Near West neighborhood leader to hold Derrick Smith's House seat
Chicago cop Eddie Winters will take expelled rep’s place until election
08/24/2012 4:40 PM
Just a week after the Illinois House kicked disgraced state Rep. Derrick Smith out of his 10th District House seat, Democratic committeemen have picked a temporary replacement: Near West Side neighborhood leader Eddie Winters.
A Chicago cop who’s unsuccessfully run for the 10th District seat twice, Winters was picked Friday by committeemen to fill out the remainder of Smith’s term. But Winters won’t hold the seat for long — he’ll be replaced in January by the winner of November’s election for the seat.
That race is between Smith, who’s still on the ballot despite being tossed from the House, and Lance Tyson, Todd Stroger’s former chief of staff. Tyson was hand-picked earlier this year by Democratic committeemen to take on Smith after the embattled state rep refused to step down.
But since Tyson and the committeemen needed to create a third party to take on Smith, Tyson’s not technically a Democrat. Because Illinois law requires Democrats to fill Smith’s seat with another Democrat, they needed to find an alternative.
So they went with Winters, their second choice when they nominated Tyson. Committeeman Jason Ervin’s girlfriend, Melissa Conyears, was also considered, but in the end the committeemen’s choice was “pretty much unanimous,” according to Secretary of State and Committeeman Jesse White’s spokesman, Dave Druker.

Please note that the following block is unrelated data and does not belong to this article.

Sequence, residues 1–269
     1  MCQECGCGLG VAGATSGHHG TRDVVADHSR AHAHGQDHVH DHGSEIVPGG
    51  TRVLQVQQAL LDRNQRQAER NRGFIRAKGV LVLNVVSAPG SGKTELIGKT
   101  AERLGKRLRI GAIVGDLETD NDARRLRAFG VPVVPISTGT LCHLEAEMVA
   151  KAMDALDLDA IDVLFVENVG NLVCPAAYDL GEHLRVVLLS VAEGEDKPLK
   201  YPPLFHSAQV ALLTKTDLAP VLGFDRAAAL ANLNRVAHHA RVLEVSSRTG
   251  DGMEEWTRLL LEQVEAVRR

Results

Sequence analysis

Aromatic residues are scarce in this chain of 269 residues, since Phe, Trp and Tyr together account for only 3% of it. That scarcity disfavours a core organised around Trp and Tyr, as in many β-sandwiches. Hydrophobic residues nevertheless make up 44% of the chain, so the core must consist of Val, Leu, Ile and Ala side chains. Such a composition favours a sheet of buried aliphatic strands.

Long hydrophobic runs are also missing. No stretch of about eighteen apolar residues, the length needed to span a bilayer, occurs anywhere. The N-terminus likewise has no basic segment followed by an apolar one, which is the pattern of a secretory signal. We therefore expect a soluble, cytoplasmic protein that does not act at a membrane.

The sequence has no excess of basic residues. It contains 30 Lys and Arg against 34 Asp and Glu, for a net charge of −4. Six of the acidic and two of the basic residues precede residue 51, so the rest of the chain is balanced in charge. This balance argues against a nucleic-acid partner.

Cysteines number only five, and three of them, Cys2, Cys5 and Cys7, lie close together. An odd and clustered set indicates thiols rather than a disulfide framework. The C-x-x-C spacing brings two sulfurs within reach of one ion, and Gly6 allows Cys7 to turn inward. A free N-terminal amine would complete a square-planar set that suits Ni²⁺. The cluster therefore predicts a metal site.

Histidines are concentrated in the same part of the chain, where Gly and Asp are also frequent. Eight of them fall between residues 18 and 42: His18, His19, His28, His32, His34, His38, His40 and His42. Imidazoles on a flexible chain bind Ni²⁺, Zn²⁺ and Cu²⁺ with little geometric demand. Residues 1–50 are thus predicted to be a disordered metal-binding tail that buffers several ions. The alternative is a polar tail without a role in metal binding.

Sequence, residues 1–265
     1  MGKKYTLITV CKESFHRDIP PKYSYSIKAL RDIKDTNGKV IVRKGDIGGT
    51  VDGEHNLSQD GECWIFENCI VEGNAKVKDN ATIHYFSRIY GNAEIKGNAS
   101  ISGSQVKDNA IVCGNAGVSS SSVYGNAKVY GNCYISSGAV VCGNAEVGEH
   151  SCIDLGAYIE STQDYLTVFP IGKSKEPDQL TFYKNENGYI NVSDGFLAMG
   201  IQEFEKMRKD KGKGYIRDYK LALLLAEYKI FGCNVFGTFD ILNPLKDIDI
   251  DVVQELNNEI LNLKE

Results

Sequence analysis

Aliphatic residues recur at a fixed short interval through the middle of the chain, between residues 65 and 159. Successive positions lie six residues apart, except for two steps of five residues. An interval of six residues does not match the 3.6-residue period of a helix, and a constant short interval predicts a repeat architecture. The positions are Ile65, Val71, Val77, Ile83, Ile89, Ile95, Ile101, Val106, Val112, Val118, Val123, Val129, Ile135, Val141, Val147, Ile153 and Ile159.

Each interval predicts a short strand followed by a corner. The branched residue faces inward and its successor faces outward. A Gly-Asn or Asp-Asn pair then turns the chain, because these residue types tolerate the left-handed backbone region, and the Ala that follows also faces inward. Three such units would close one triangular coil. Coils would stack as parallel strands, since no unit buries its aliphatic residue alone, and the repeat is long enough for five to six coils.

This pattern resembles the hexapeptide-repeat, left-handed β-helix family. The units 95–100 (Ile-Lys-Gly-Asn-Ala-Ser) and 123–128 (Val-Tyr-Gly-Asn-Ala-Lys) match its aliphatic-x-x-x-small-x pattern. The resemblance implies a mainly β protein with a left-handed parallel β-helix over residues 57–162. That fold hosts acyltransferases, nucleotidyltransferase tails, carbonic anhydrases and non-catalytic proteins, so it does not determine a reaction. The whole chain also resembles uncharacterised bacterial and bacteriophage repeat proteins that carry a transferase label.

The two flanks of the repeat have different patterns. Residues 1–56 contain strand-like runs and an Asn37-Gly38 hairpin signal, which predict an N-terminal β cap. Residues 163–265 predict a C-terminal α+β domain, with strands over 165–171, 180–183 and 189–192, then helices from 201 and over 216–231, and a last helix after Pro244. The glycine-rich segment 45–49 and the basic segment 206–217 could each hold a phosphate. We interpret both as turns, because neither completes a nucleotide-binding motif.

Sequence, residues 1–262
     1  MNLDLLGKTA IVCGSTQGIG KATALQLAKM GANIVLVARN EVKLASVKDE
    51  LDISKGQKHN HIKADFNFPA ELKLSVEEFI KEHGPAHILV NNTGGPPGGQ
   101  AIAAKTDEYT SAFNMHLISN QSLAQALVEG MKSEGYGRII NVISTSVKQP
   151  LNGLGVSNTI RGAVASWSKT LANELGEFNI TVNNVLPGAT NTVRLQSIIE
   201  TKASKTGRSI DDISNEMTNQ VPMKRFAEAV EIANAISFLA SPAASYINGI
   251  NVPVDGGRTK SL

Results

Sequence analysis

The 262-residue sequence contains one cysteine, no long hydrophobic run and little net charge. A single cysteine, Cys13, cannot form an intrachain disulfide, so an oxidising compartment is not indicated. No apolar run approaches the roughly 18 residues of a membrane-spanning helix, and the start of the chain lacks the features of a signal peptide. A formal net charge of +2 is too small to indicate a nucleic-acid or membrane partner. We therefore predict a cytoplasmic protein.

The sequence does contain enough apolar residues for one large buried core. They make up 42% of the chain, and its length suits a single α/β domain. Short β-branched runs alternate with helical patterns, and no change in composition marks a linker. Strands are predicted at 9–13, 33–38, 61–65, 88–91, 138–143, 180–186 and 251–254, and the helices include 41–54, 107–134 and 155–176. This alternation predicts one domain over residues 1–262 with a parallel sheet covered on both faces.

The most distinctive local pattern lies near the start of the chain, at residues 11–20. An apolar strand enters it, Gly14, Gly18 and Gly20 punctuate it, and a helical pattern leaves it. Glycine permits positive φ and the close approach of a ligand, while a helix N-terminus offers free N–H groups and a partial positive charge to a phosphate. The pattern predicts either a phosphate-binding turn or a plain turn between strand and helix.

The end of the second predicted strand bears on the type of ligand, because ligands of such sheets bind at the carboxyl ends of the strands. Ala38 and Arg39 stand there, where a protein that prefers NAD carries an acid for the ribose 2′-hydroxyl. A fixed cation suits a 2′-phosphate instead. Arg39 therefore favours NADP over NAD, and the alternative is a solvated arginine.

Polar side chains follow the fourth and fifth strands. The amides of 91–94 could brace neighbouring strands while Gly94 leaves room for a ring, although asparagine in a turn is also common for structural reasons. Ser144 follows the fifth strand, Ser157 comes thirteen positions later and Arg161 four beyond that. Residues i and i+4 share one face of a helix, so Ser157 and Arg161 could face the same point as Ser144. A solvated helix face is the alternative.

“The committee was impressed last time around, and thought he [Winters] was a good choice,” Druker said.
Winters is the head of Near West Side neighborhood group Homeowners of Westtown United, where among other things, he helped organize a debate between Smith and his primary challenger Tom Swiss at St. Malachy school.
Winters said he’s excited to head to Springfield.
“I’m in the process of figuring out what to do next. Everything just happened, it’s all fresh,” he said.
Having run for the 10th District seat twice, he’s ready to get down to work — even if it’s only a temporary gig.
“The positive for me is the experience of being down in Springfield and getting a hands-on idea of how legislation goes from start to end,” he said. “You can read about it, but it’s not the same. That’s all I can speak on right now. I look forward to going down there and learning what I can.”
Currently a cop working in a special unit at the Chicago Police Department, Winters said he’ll have to take a leave of absence while he’s serving in Springfield, but he thinks he’ll be able to go back to his old gig when he leaves the seat in January. He said he’ll keep his eye out for other opportunities.
“I’ll go back to being a police officer, and I’ll continue being active in my community, which I hold close, because I’ve been doing this for a long time,” he said. “If anything else comes up that might be of interest, then I’ll look at it then. As far as any other political offices, I’ll see what comes up.”